One of the forces of nature that the physicists don’t talk about is the flexi force, whose value between two particles of mass m1 and m2 and distance r apart is given by F = km1m2r and which is radial. If k were too positive the universe would fall apart and if k were too negative the universe would collapse. There is a sweet spot of life-permissivity where k is very close to zero. And, in fact, as far as we know, k is exactly zero. :-)
Indeed, there are infinitely many forces like this, all of which have a “narrow” life-permitting range around zero, and where as far as we know the force constant is zero. But somehow this fine-tuning does not impress as much as the more standard examples of fine-tuning. Why not?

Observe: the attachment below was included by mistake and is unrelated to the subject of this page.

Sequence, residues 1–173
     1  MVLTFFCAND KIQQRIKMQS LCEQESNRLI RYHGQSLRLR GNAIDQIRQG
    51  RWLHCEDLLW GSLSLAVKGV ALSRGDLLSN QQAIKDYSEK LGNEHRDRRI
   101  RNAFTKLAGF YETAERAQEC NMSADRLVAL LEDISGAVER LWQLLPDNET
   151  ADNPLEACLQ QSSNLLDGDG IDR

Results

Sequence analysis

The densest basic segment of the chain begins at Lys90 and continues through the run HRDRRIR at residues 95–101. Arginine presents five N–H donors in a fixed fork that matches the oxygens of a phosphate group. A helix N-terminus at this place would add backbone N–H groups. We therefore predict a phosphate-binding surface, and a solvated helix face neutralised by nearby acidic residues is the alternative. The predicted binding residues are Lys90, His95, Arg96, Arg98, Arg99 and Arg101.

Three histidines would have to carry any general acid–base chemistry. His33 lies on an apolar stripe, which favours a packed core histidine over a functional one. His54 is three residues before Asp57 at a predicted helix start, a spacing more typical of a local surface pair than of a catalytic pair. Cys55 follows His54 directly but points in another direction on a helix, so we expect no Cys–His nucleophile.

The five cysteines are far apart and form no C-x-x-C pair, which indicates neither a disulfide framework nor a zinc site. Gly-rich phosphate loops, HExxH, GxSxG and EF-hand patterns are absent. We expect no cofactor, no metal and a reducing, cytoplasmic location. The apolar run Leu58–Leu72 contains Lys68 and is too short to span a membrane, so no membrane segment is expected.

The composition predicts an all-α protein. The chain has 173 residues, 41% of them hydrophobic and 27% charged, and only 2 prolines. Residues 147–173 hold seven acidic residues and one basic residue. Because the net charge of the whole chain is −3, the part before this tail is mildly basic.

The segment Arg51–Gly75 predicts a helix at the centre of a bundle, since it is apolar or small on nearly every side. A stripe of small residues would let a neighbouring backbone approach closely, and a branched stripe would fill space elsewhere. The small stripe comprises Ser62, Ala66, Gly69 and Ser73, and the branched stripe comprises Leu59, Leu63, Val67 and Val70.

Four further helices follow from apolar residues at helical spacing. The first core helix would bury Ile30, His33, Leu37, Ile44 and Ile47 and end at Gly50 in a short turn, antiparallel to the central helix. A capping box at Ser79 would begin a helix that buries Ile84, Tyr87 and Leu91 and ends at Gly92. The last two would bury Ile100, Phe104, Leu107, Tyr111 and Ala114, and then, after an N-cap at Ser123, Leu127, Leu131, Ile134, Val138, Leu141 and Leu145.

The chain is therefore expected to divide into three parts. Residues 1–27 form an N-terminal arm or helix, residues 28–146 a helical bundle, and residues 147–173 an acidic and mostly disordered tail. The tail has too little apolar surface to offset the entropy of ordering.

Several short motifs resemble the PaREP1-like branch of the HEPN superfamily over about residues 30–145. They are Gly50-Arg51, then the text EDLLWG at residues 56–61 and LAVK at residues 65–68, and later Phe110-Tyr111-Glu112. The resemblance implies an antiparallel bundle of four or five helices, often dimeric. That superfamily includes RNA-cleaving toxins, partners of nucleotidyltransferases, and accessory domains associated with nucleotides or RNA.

Probably it’s this: For any force, we have a high prior probability, independent of theism, that it has a strength of zero. This is a part of our epistemic preference for simpler theories. Similarly, if k is a constant in the laws of nature expressed in a natural unit system, we have a relatively high prior probability that k is exactly 1 or exactly 2 (thought experiment: in the lab you measure k up to six decimal places and get 2.000000; you will now think that it’s probably exactly 2; but if you had uniform priors, your posterior that it’s exactly 2 would be zero).
But his in turn leads to a different explanatory question: Why is it the case that we ought to—as surely we ought, pace subjective Bayesianism—have such a preference, and such oddly non-uniform priors?